The inside scoop on 360° photography

Viewing collection objects on our website is nothing new, but being able to turn the object completely around and zoom in to get a close-up view of the intricacies of an object is. The Corning Museum of Glass Collections Photography department is working hard to bring 360° photography of select Museum objects to our guests and online visitors.

What does it take to create a 360° photograph?

Blaschka Nr. 216, Porpita mediterranea (1885); Porpita porpita (2016), Leopold and Rudolf Blaschka, Dresden, Germany, 1885. Lent by Cornell University, Department of Ecology and Evolutionary Biology. L.59.3.2015.

Blaschka Nr. 216, Porpita mediterranea
(1885); Porpita porpita (2016),
Leopold and Rudolf Blaschka,
Dresden, Germany, 1885.
Lent by Cornell University, Department
of Ecology and Evolutionary Biology.
L.59.3.2015.

The curators of our glass collection, which spans more than 35 centuries, prioritize which objects will be photographed in 360°. Starting with an object that lends itself to be viewed in 360°, we need to make sure that object is centered precisely on the turntable. That may not seem very complicated, but some objects have a natural curve to them or, as with this Rudolf and Leopold Blaschka 1885 model of a Porpita mediterranea (more commonly known as a blue button jellyfish) are not perfectly centered on their stands. We want the object to appear centered as it is viewed, instead of floating around your computer display. The last thing I want to do is cause someone motion sickness while viewing our amazing collections objects in 360°!

Once on the turntable, the object is illuminated to best show off its features. ***Warning: TechGeek Info: Depending on the size and details in the object, I may use a single soft light source such as a Lowel-Tota light mounted in a Chimera softbox, or a hard light source like a Mole-Richardson Mini-Mole. More often, a combination of lighting types is used. Reflector cards are also carefully placed to reflect light around and under the object, highlighting otherwise hidden details. USB cables tether both the Nikon digital camera and the turntable to the computer, and a sync cable from the turntable connects to the camera to control the shutter. Once all of these connections are made, the camera is positioned and I’m ready to shoot.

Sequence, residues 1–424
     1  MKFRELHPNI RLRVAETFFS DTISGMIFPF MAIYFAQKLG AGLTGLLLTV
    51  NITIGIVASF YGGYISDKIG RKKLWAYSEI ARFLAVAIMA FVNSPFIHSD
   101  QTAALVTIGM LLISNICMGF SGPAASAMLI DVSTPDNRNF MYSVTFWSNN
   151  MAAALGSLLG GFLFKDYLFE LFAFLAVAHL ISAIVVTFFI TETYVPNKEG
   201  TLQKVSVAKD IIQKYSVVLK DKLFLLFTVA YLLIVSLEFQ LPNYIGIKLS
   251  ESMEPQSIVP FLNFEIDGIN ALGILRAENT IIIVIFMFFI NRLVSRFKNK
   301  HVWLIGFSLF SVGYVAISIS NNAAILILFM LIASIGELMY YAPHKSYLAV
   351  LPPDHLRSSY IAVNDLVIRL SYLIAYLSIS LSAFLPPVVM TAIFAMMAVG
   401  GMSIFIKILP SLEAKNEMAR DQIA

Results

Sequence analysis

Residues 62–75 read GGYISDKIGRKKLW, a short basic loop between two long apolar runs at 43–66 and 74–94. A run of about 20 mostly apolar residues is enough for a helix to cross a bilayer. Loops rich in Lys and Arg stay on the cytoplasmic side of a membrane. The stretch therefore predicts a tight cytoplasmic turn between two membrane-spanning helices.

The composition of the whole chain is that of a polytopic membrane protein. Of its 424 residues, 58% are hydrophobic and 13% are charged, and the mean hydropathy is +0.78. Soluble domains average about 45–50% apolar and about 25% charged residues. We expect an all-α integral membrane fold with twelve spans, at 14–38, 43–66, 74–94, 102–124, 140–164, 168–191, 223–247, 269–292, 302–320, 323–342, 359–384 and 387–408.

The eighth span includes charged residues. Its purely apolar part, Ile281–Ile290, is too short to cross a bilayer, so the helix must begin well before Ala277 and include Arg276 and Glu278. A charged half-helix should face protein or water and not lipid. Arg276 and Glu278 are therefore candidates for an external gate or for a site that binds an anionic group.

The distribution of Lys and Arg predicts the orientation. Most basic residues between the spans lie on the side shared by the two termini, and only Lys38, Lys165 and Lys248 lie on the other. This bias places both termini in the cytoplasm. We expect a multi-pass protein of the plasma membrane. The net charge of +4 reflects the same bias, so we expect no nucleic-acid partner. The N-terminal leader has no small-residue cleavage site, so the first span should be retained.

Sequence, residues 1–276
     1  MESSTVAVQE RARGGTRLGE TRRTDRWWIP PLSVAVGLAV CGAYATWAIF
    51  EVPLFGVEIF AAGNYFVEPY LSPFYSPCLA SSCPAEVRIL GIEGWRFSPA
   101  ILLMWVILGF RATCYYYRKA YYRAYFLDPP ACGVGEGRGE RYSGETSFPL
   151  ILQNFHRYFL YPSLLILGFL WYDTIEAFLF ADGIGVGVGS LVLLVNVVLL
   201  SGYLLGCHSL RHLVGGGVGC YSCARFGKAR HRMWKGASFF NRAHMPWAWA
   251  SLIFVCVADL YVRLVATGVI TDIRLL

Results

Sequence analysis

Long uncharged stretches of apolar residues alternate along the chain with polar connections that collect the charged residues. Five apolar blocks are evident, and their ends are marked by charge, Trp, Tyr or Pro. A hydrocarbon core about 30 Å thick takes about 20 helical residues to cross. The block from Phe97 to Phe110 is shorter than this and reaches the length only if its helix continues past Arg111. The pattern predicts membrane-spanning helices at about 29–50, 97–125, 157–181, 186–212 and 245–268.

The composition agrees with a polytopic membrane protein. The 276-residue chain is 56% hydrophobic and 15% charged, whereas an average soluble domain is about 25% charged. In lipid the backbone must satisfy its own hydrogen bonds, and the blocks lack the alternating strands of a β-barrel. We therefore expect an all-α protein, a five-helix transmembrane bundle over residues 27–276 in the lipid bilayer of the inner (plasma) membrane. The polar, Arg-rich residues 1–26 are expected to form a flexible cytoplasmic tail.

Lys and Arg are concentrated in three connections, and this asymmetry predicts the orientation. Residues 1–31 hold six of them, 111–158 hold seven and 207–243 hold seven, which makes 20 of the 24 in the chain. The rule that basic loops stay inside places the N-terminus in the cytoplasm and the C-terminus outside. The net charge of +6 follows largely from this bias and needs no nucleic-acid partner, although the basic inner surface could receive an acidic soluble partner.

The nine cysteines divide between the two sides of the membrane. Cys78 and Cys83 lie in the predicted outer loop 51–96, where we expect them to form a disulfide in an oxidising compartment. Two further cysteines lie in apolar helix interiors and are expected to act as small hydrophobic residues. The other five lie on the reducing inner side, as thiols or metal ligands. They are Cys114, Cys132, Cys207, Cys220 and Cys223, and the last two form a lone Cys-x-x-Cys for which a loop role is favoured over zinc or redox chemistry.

Allison preparing to shoot 360 images of Blaschka Nr. 213.

Allison preparing to shoot 360 images of Blaschka Nr. 213.

***Warning: More Tech Geek Info: I use Adobe Lightroom software to control the exposure settings on the camera and to capture the images. Adjustments to the turntable settings are made with Circleshot software, which allows control over the number and timing of stops, as well as the speed, acceleration, and deceleration between stops. The minimum number of shots per object is 36, taken at 10° intervals. I’ve found that capturing 72 exposures allows for a smoother transition when the object is rotated.

Screenshot from Lightroom showing the various exposures for Blaschka Nr. 173.

Screenshot from Lightroom showing the various exposures for Blaschka Nr. 173.

Once the images are captured, I review the RAW format images in Lightroom and export them as Adobe Photoshop PSDs so they can go through the post-capture workflow. Post-capture processing includes making sure the images are free of imaging spots and dust (it happens) and are cropped appropriately. Once complete, the images are converted into high-resolution TIFF files. The Digital Media department then uses the TIFF files to create animated GIFs like the image of Blaschka Nr. 213 below (click on the image to see the animation).

360 animated gif of Blaschka Nr. 213, Physophora magnifica (1885); Physophora hydrostatica (2016), Leopold and Rudolf Blaschka, Dresden Germany, 1885. Lent by Cornell University, Department of Ecology and Evolutionary Biology. L.17.3.63-516.

360 animated gif of Blaschka Nr. 213,
Physophora magnifica (1885);
Physophora hydrostatica (2016),
Leopold and Rudolf Blaschka,
Dresden Germany, 1885.
Lent by Cornell University, Department of
Ecology and Evolutionary Biology.
L.17.3.63-516.

Now you have the inside scoop on how the 360° photographs are made at The Corning Museum of Glass.

Follow the links below to view 360° photographs already available from the Collections Photography department. Scroll down to the 360° image on the Museum’s website and watch for new 360° images in the future.